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Waiting on a verdict in the Jodi Arias trial

Jodi Arias trial watchers in downtown Phoenix. (AP photo)

Fear. Love. Sex. Lies. And dirty little secrets: that's what the case of Jodi Arias boils down to, according to her defense lawyer.

The prosecution agrees on one thing in that list: Lies. They have repeatedly painted the 32-year-old woman as someone who has a fleeting familiarity with the truth.

Now, the jury has to decide which version they buy.

They've been hearing testimony - and what testimony it has been; graphic, sexual, shocking - since January. On Friday, the lawyers finished their closing arguments, and Judge Sherry Stephens finally handed the case over to the eight men and four women who will decide if Arias is guilty of first-degree murder.

She is charged with first-degree murder in the 2008 death of her ex-boyfriend, Travis Alexander. He was stabbed repeatedly, his throat was cut, and he was shot.

(I wrote about the trial on Saturday, if you need to catch up on the whos and whats.)

Arias now admits she killed Alexander, but says he was abusive and it was self-defence. The state says Arias planned the attack on Alexander -- who the prosecution has repeatedly described as a "good man" -- and is seeking the death penalty.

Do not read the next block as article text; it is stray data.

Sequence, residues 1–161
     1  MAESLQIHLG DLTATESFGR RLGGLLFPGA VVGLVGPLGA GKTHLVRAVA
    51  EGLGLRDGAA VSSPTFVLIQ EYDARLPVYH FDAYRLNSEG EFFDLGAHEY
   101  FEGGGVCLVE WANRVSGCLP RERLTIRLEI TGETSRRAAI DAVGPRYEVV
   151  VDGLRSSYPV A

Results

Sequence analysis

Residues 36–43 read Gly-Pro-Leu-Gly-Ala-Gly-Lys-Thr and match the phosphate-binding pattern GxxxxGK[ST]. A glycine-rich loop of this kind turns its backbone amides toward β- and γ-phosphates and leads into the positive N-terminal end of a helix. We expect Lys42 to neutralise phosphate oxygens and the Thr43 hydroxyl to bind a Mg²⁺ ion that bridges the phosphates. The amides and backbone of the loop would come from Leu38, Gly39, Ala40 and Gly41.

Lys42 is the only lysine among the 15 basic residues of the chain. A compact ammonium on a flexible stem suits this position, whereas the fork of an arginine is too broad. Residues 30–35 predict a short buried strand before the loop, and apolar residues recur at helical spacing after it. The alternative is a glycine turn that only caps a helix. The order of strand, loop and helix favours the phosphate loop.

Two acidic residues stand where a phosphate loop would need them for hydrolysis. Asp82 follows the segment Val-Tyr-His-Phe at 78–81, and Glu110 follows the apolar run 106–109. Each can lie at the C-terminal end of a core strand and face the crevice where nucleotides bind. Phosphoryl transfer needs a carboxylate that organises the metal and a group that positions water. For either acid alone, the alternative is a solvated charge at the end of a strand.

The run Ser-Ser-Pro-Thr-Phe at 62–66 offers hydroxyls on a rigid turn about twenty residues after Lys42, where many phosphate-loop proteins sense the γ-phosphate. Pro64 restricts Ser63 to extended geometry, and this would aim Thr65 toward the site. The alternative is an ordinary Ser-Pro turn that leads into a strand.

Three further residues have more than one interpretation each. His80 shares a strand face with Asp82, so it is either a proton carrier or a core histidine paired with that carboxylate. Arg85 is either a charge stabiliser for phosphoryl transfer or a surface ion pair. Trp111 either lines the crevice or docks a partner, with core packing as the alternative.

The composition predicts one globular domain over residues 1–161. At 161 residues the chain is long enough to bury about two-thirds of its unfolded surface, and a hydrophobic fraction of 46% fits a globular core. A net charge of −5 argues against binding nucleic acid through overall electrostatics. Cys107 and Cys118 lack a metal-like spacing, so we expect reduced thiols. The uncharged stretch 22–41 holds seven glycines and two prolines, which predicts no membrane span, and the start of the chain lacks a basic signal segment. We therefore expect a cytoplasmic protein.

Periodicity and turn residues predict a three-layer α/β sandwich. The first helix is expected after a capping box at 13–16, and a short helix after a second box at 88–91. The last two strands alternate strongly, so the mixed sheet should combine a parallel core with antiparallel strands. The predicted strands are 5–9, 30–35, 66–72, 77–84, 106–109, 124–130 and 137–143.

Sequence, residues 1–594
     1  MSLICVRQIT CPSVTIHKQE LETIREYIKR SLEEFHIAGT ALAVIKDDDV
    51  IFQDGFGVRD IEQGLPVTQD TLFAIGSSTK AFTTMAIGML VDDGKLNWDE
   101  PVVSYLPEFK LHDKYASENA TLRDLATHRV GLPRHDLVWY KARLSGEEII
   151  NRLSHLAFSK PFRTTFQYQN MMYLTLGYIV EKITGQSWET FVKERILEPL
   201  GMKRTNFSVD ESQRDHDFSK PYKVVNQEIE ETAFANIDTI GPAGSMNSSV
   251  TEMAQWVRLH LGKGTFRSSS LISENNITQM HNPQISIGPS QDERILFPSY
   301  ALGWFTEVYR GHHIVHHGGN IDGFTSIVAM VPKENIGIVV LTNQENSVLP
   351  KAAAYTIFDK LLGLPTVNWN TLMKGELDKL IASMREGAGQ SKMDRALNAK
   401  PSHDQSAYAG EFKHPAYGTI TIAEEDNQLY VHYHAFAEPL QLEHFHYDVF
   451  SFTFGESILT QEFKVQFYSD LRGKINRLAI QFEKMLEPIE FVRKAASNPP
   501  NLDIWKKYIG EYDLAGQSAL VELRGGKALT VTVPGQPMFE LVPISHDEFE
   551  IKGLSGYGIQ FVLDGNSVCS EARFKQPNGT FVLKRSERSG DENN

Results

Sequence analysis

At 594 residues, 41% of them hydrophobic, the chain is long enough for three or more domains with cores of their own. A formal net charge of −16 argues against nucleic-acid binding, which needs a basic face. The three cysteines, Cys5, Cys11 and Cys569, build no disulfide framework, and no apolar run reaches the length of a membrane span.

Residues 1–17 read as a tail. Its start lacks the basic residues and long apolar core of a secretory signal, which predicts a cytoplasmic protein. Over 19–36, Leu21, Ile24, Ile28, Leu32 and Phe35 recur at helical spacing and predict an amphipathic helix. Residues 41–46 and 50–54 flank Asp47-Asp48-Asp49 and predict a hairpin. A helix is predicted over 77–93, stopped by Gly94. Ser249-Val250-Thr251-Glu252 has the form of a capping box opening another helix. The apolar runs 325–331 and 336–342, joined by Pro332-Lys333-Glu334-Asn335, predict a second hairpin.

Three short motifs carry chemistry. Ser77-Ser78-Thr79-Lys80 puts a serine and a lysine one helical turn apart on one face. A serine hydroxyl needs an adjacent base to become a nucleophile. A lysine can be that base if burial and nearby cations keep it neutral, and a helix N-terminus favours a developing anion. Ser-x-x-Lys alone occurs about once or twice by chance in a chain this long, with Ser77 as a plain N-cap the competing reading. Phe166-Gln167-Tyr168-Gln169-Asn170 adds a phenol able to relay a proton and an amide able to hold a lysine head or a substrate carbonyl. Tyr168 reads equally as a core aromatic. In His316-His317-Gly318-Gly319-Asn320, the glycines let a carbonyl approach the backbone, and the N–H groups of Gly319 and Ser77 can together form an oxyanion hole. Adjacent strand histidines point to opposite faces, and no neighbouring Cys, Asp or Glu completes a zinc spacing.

If they decide against premediation, the jury could find Arias guilty of the lesser charges of second-degree murder, or even manslaughter, and her lawyers pleaded with the jurors to set aside any negative feelings they might have for the defendant.

Prosecutor Juan Martinez reminded the court during his closing arguments that Alexander felt he was being stalked by Arias - and that Alexander himself described his ex-girlfriend as the "worst thing" that had ever happened to him in a text message.

The trial has become must-see TV and a gift for cable channels like HLN, which has dedicated hours of programming to it. Details are discussed endlessly online -- follow the hashtag #jodiarias on Twitter and you'll see what I mean.

But for some people, this is not at all entertaining. When I spent a few days in the courtroom in Phoenix, I was struck by the presence of Arias' mother, but was especially aware of Alexander's family. His brother and two extraordinarily striking sisters sat two rows ahead of me in court, listening attentively, as they have through the trial - their reactions to upsetting testimony captured by the courtroom cameras.

There's plenty of debate as to how long the jury will take in their deliberations. But I would wager that for the families, on both sides of the courtroom, the waiting is far from the hardest part.

Jennifer Quinn is a foreign affairs and investigative reporter at the Star. Follow her on Twitter @JQStar.


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